Portland and Austin’s Street Books wins award, keeps pulling that rope
It was February 10, with temperatures around freezing, under the Hawthorne bridge in downtown Portland. A few dozen homeless people shivered and shuffled, grabbing a plate of hot food from a church “feed,” or a paperback from Street Books, a nonprofit that put out a selection on several folding tables.
“I just look for a simple read,” said Cora, whose learning disability didn’t stop her from grabbing a copy of “To Kill a Mockingbird.” “If I don’t have anything to do, at least I have a book to read.”
Nothing about the situation was OK, really. Then again, everything was. It was almost too cold to hold a pen. How to concentrate on a book?
The Eastbank Esplanade, the bike-pedestrian path nearby, was closed for construction. A man named Mike said it was “to defoliate to make it harder for homeless to camp.”
A Street Books volunteer named Autumn Werner was undeterred, by the cold, the construction, or the destitution.
“I’m doing this for the pure joy of it,” she said.
For homeless folks pushed to the fringes of tech-happy Portland and Austin, the digital divide is very real: many don’t have a smart phone, or even any phone, much less a tablet, laptop or desktop with web access. At the same time, America has millions of books, from hardcover to paperback, that are becoming extraneous: dumped at Goodwills, left in sad, unloved “little libraries” on a parking strip near you.
But for someone with no home, but lots of trouble, literacy and time, a Louis L’amour paperback or a little poetry can be vital as food. The original Portland incarnation Street Books nonprofit is now in its eighth year, with a new sister organization in Austin that just won an award from South x Southwest.
Portland-based founder Laura Moulton says the project is unique. “When we have a problem, we go to email other street libraries, and it’s crickets,” the down-to-earth leader of seven says. “There’s no one to say ‘here’s what we’ve found.’”
At Austin’s most recent South X Southwest music festival, the head of the Austin sister organization, Patrick Crowley, was given a Community Service Award. Crowley, a man with a big white beard, black horn rims and a straw hat, has 31 years of sobriety and says books are the best way to “expand community.”
Many in Austin’s homeless population of 2,147 call him “Bookman.”
He started the Austin sister organization because, he says, “We don’t need more people to talk about how to pull the rope, we need more people on the rope.”
“We don’t need more people to talk about how to pull the rope, we need more people on the rope.”
“I’ve seen this pattern repeated many times: as we design these perfect cities on the hill, we basically bury those people that helped to support the city,” he says. “Those on the lower ends of the socioeconomic spectrum, they’re pushed to the periphery.”
Mike Logan, a homeless man at the Portland event, told a reporter he often reads in his tent, but it’s not easy.
“Sleeping rough can be quite the deterrent toward reading,” Logan noted. But it helps him battle through tough times: “I firmly believe that reading books constitutes a very useful offset to addiction issues.”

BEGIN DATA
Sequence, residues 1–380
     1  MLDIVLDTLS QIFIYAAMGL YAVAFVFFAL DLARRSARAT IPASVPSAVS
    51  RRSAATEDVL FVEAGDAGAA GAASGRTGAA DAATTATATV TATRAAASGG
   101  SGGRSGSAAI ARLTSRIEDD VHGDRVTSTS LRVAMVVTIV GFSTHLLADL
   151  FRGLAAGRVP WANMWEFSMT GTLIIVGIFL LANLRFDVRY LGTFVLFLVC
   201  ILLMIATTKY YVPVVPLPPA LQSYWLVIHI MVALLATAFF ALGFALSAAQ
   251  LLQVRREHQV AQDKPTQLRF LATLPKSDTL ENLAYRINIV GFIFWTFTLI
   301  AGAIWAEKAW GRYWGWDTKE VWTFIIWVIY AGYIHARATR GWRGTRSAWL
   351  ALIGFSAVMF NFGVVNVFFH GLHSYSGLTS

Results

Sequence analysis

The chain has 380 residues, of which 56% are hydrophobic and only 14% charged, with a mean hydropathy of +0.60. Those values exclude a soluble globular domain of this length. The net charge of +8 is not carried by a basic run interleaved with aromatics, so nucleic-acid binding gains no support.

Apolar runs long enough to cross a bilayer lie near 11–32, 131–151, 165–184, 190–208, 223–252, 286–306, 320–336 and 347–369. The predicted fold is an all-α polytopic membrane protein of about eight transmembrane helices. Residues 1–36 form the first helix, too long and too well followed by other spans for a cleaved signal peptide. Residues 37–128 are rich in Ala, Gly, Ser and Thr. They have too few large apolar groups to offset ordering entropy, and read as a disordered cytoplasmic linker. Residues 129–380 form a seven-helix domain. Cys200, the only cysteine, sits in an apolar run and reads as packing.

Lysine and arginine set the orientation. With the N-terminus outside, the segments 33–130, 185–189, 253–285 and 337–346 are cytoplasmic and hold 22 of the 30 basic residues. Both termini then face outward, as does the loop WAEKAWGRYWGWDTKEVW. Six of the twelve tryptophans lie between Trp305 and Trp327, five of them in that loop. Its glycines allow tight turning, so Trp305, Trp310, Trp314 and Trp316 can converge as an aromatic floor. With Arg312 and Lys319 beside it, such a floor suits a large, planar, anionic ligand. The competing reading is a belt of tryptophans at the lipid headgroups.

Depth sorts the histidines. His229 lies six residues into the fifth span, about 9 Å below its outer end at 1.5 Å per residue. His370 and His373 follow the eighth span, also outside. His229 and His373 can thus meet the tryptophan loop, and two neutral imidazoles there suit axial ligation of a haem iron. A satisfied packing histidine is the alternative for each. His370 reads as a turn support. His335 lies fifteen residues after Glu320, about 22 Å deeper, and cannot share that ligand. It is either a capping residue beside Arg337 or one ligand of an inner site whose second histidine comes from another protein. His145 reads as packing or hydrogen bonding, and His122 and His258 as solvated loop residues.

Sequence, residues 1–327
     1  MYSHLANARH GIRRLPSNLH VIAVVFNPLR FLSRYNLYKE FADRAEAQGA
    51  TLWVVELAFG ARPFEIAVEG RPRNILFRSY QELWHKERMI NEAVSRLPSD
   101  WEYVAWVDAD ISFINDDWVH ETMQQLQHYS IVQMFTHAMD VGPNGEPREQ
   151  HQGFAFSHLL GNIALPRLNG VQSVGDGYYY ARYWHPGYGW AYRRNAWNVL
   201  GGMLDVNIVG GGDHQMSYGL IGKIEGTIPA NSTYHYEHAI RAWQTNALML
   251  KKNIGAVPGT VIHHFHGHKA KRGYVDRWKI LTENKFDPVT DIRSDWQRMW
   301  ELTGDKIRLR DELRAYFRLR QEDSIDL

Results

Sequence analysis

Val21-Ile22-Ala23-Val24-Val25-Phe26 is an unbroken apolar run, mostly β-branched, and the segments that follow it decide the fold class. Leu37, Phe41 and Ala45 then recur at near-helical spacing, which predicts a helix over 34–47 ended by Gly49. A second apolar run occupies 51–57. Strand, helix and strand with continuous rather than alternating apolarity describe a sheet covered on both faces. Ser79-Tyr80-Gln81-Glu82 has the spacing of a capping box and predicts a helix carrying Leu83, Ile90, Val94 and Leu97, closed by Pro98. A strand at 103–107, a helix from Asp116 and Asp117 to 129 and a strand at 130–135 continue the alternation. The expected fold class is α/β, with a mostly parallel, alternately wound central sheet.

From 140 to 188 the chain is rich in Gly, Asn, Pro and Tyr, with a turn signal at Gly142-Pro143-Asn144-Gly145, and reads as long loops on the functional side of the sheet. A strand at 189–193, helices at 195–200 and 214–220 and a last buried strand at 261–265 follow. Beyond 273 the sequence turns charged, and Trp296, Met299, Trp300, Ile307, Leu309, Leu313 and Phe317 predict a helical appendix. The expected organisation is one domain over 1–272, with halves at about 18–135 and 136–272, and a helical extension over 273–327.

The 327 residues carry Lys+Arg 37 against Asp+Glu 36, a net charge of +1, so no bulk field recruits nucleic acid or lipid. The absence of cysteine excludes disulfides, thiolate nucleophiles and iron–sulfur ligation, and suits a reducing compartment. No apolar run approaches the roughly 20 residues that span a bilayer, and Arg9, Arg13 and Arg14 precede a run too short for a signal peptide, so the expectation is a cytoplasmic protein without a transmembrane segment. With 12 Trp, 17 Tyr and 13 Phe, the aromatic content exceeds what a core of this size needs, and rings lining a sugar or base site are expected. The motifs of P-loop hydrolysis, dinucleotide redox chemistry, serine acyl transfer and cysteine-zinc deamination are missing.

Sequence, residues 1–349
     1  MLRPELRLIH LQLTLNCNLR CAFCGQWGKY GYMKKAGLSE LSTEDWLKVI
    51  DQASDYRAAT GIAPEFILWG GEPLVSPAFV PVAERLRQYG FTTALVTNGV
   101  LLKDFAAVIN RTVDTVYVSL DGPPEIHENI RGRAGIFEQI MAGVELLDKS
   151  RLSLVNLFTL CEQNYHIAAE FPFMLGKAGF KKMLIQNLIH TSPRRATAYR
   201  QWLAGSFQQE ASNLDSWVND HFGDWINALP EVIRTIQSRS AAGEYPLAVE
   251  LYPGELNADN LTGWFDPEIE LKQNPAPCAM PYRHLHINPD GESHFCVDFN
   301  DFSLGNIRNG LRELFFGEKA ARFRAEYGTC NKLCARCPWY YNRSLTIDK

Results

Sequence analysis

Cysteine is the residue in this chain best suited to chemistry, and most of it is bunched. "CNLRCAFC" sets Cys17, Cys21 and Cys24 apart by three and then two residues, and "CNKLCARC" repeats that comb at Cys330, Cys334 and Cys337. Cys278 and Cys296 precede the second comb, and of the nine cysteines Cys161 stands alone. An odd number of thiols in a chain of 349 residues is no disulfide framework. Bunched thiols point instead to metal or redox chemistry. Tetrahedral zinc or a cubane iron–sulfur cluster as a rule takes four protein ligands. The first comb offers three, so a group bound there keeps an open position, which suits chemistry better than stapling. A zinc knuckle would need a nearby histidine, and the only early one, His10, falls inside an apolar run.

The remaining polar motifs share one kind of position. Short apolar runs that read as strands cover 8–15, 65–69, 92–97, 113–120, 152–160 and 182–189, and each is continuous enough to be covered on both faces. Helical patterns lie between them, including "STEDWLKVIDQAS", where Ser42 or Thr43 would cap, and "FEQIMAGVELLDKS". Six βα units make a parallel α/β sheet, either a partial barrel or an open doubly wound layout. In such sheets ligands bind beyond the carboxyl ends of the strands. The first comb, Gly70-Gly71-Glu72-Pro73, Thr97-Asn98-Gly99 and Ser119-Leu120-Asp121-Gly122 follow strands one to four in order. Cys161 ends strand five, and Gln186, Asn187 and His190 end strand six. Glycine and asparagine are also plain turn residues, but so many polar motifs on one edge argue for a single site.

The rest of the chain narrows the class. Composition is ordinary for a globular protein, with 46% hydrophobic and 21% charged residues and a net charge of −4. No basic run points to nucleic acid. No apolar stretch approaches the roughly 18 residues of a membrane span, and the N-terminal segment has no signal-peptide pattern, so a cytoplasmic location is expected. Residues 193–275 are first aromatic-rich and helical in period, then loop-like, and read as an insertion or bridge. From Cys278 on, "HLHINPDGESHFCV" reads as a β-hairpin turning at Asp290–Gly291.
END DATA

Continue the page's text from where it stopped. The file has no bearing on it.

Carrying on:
While a 2011 New York Times story drew a parallel between Portland Street Books and the Multnomah County library system—which has the fourth-highest circulation in the U.S.—the link is tenuous.
People without a fixed address, an I.D. or money for transportation or paying fines often have trouble borrowing books.
Plus, libraries want their books back. Street Books, on the other hand, appears to be partly a vehicle for donating books.
“We know [books] ain’t all coming back,” says Hodge, aka Ben Hodgson, a Portland board member who was once homeless. “If we get a 30 percent return rate, we know we’re doing good.”
Street Books offers up books (and reading glasses) with a gentle request of a return — and a commitment to finding special requests. “I always return them,” Logan says.
In a space filled with books, a writer feels instinctively at ease. One might think that the news media would write lots of stories about successes like Street Books, but often, the beleaguered industry prioritizes stories about poverty that are sensational in nature.
A fire? A stabbing? A camp being displaced? The news media is on it.
Reading? It ain’t that bloody. In fact, reading—especially, reading books, which lack ads or video capability or interactive clicking—is arguably the opposite of the militant veins that run so strongly through American culture, from our military’s building of nuclear-capable weaponry to hate-filled racists killing innocents in El Paso, Texas or Gilroy, California.
What Street Books is doing is actually working, one might say, and therefore not news.
Weeelllll, to quote one of the older books on the planet, the Bible, “there’s nothing new under the sun.”
Another saying that could be relevant, from even-older scrolls of Buddhism: “Abandon any hope of fruition.”
Moulton in Portland and Crowley in Austin appear to be quietly doing something remarkable: helping the poorest, most destitute people in the two cities by giving them a simple pleasure that entertains, offers dignity, and teaches.
Not that it’s easy for them. This is a labor of love, this is time and money spent, this is sweat equity. Asked if her book offerings are curated, Moulton’s response was an astonished, “Hell yes, it’s curated!”